The K300 is known for being a tough race by way of weather conditions, and this year was no exception. As much of the trail follows the river, there was no lack of jagged ice and overflow. There was also a fair amount of snow, some freezing rain, and poor visibility overall. Ambient air temps averaged below zero Fahrenheit with roughly -33F (-36C) temps when you factor in wind chill and wind gusts sometimes reaching 40mph.
Of the 14 dogs Kristy started with, 11 crossed the finish line. The 3 that were left in caring hands at checkpoints were suffering from sore wrists, a common ailment when trail conditions are rough. Duchess, one of Kristy's key leaders, was dropped early in the race, and Kristy paid for it later. Over half of her dog team was running their first competitive race ever, and few of the more experienced dogs were proven leaders. As Duchess was dropped about 1/3rd of the way into the race, that left Kristy juggling dogs and trying to find the right dog in her remaining team to lead the way.
Why is a good lead dog so important? Judge for yourself... At one point later in the race, Kristy left a checkpoint knowing the next section of trail ran along the lake. A ground blizzard was reported and, when you're running near a lake, misdirection can lead you to open water ~ a disaster in the making. Kristy left the checkpoint under very fair conditions and spent the first part of the run wondering what all the hub-bub was about. Before long, she hit a veritable wall of snow, with visibility so poor she often couldn't see the lead dog at the front of the gangline. Trail markers were knocked over or gone all together. Her inexperienced leader kept wanting to pull to the right, and she was left wondering if the dogs knew best or if it was time for a little human intervention. After swapping one dog after another in the lead position, eventually Kristy hopped off the sled and led the team on foot until conditions improved and the trail was more apparent. The twins are rarely scared when they're on a sled or out on the trail, but this was one situation where Kristy will admit she was more than a little nervous!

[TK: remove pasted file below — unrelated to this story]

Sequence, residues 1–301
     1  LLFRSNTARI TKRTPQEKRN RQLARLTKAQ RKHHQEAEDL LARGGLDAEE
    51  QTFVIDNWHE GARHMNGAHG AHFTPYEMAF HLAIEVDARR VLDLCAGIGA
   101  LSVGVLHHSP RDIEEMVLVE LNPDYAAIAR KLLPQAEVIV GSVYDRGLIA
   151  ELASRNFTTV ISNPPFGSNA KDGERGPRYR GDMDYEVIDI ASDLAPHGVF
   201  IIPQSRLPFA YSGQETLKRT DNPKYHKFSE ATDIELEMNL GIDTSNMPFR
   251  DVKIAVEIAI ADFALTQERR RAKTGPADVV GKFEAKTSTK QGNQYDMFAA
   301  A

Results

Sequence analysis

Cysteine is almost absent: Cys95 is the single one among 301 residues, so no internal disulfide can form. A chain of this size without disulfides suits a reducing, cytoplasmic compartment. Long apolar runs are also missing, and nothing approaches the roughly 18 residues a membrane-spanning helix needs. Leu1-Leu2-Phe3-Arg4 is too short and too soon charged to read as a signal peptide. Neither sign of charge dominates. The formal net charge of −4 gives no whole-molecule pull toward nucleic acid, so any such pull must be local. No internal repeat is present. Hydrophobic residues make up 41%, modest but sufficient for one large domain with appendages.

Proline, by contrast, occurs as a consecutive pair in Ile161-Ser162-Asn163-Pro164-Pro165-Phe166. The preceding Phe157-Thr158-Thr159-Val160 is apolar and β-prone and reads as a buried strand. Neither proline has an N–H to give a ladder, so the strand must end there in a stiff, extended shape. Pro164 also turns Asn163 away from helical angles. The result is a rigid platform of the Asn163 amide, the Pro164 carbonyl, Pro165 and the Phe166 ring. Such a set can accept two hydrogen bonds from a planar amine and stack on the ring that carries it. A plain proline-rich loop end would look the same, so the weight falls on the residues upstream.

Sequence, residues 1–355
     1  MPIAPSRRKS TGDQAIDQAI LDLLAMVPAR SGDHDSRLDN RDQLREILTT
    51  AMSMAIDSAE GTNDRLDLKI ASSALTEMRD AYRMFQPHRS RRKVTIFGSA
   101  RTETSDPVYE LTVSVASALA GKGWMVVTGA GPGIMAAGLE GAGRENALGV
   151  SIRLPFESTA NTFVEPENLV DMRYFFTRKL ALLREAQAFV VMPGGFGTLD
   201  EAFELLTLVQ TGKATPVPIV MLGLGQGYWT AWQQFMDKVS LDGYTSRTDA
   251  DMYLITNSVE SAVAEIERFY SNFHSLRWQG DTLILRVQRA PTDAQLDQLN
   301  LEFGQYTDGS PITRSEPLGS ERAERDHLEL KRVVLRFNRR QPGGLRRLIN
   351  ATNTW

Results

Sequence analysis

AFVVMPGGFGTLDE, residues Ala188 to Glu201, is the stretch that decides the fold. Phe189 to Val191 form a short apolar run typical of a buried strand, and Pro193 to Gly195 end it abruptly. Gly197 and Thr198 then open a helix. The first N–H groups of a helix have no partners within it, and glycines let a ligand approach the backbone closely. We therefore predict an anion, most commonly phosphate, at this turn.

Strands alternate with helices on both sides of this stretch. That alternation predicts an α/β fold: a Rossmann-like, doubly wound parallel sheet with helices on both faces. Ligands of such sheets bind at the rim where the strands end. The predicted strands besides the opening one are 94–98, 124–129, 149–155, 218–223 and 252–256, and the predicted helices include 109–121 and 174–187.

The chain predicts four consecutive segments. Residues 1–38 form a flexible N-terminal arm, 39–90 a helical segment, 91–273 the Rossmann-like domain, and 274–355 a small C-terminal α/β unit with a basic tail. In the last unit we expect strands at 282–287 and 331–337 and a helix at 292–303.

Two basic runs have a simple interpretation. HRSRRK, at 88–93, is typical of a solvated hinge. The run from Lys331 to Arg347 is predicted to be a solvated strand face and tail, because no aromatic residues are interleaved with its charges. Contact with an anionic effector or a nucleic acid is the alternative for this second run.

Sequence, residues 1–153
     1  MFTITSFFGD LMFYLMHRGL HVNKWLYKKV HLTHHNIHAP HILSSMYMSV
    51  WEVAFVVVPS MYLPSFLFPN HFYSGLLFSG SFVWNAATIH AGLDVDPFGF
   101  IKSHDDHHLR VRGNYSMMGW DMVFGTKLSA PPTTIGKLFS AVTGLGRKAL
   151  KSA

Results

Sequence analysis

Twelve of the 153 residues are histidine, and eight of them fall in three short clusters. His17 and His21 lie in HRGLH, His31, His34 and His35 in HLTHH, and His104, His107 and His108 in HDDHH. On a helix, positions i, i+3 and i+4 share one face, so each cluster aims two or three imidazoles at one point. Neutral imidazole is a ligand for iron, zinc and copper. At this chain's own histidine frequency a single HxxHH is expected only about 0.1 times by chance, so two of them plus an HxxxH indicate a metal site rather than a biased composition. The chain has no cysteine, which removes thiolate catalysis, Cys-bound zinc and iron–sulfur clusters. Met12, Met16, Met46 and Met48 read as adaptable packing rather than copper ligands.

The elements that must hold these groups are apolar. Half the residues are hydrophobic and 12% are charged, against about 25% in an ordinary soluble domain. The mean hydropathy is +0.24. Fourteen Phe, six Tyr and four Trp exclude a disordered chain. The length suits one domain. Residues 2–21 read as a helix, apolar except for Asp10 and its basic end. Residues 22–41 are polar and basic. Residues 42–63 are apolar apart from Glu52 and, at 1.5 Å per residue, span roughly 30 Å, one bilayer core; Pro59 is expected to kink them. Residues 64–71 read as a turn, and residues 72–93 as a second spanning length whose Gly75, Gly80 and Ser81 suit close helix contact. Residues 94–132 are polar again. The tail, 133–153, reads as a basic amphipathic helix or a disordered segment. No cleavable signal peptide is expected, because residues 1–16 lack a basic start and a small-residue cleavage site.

Fortunately, the race ended well and was generally a success. While this is an expensive race to run, Kristy says she would do it again. It is a fun race despite (or maybe because of) the challenges, and is a great learning experience for the musher and more seasoned dogs. It can be hard on yearlings, as Kristy learned firsthand with her young team this year. Part of what makes it especially fun is the fact that the race runs through small villages, and the inhabitants really get into it and support the mushers as they pass through.
Next up for both Kristy and Anna is the Tustumena 200, starting this Saturday, Feb. 2nd. The race starts in Kasilof, making it a "home game" for both of the twins. They have both been able to get out and run sections of the race trail on training runs, which hopefully will give them an advantage. Recent snowfall of 8-9 inches should make for good trail conditions if the current threat of freezing rain holds off. Although the T200 isn't known for having the brutal weather conditions of the K300, it is a very hilly race that presents its own challenges.
In addition to preparing for the T200 this weekend, Anna is also preparing for the Denali Doubles race starting on Feb. 7th, and both twins are frantically packing their drop bags for the 41st Iditarod. Drop bags are due to the Iditarod race committee in 2 weeks, which is no small undertaking. Each musher must have an idea of where they're planning to stop and what they might need when they get there, making educated guesses about the dogs that will make the final cut for the team and weather conditions. And nobody gets a "do-over" on drop bags... If you haven't packed it, you had better be prepared to find room for it in your sled or do without!
Stay tuned for more updates on the T200 and Iditarod preparations.